7 Tips For Eating to Look Younger That Actually Work
Avocado has a lot of things going for it not the least of which is its fat content. You’ll notice that as you age those with little flesh on the body, especially in the face, begin to age faster. A little flesh keeps us looking younger. Bathe yourself in good fats like olive oil and avocado. If you’re concerned with cutting the fat, focus on the bad fats like lard and excessive amounts of butter.
2. Water-Based Fruits and Vegetables
Hydration is a big part of looking young because it helps that skin retain moisture. When the skin is dehydrated it lays flatter on the body and wrinkles begin to show. This means not only drinking loads of water, but also making sure that you’re loading up on water heavy fruits and vegetables. Some really good choices include watermelon, cucumber, and citrus fruits.
Guava is great for your skin because it’s loaded with vitamin C. According to the Dr. Oz Show, it has 4 times as much as citrus fruits. Vitamin C serves as the body’s natural Botox, keeping your skin cells full and wrinkle-free.
Depending on type and variety oyster, they provide 16 to 182 mg of zinc per 100g serving, according to Healthalicious. This accounts for 110 to 1200 percent of the RDA for zinc. Zinc serves to repair damage done to skin cells. So if you spent too much time out in the sun as a child and caused problems for your skin, zinc can prepare it.
5. Sweet Potatoes
Sweet potatoes have beta-carotene, which is known to balance your skin’s pH, helps combat dryness, and promotes cell turnover, all resulting in smoother skin. Combining good fats like coconut or olive oil with beta-caratene makes it even more effective.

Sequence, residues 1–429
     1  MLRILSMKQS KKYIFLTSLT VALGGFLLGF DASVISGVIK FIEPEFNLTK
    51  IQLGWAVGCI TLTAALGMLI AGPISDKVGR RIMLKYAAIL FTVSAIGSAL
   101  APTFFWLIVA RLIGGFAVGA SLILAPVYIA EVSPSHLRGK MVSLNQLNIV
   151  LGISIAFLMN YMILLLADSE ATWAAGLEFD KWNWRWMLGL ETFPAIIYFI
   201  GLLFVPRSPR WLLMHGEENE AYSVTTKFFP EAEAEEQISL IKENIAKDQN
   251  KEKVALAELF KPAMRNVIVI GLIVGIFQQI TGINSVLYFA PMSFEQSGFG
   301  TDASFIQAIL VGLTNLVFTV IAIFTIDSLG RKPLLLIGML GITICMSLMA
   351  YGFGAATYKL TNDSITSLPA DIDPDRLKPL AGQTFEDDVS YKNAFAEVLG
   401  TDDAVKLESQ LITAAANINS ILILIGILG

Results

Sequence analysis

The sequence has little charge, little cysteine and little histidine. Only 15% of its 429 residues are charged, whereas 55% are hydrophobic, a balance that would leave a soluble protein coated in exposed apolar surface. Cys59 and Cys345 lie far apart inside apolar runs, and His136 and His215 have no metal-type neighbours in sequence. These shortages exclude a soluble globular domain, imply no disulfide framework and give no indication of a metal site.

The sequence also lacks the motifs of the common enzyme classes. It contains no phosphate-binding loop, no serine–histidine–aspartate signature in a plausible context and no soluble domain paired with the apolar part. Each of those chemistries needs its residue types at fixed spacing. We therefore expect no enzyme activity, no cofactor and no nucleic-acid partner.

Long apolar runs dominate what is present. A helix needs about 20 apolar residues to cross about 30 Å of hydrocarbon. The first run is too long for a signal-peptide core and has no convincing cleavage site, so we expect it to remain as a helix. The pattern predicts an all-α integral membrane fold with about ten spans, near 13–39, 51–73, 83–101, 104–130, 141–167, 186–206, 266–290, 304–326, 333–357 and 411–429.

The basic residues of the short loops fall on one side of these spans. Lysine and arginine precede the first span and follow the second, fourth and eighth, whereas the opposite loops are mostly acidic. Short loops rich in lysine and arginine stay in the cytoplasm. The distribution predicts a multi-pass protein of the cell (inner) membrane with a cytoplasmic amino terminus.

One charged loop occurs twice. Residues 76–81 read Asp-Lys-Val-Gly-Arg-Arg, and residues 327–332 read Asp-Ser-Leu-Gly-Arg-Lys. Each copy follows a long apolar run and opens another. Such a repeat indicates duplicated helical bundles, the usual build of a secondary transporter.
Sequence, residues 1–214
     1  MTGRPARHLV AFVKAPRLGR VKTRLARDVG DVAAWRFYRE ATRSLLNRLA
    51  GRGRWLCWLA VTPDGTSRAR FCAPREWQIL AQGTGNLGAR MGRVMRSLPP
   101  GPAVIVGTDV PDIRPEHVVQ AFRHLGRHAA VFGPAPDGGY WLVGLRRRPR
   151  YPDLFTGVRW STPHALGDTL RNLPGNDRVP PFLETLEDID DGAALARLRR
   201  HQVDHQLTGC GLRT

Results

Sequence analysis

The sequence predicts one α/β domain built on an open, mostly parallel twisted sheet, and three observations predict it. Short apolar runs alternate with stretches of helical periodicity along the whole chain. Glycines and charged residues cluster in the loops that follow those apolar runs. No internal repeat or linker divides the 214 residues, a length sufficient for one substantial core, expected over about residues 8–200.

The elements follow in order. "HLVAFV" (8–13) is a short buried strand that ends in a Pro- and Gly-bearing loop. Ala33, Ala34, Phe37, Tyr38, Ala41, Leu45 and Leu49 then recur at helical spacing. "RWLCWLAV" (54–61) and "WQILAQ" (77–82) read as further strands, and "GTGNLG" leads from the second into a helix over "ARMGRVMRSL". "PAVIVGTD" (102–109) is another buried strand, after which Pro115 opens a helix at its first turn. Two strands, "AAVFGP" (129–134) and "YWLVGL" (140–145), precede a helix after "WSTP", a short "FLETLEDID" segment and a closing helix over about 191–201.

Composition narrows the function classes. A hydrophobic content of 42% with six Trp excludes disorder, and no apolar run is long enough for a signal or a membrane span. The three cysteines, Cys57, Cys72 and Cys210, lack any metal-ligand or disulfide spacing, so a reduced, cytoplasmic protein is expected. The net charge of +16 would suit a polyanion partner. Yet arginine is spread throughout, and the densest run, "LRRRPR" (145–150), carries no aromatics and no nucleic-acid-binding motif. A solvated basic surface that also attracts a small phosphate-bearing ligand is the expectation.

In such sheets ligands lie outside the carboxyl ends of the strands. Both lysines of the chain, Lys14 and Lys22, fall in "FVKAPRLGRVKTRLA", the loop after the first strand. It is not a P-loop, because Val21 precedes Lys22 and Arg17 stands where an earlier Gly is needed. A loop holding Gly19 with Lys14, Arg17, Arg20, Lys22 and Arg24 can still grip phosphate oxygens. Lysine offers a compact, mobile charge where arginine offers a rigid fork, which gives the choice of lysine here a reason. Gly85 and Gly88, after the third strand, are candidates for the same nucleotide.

6. Seasonal Berries
Berries are among the highest is antioxidant content. Berries like blueberries, blackberries, and strawberries have some of the highest antioxidant capacity. These antioxidants fight the free radicals that cause wrinkling on the skin.
7. Omega Fatty Acids Oil
“Essential fatty acids are responsible for healthy cell membranes, which is not only what act as barriers to harmful things but also as the passageway for nutrients to cross in and out and for waste products to get in and out of the cell,” Ann Yelmokas McDermott, PhD, a nutritionist at the Jean Mayer USDA Human Nutrition Research Center on Aging at Tufts University in Boston told WebMd.
Omega 3 is made up of three acids EPA, DHA, and ALA. ALA can be found in hemp seeds, flax seeds, and chia seeds. DHA and EPA are found in algae, spirulina, blue-green algae, and chlorella. Omega 6′s are found in many vegetarian foods including olive oil, whole grains, and avocados.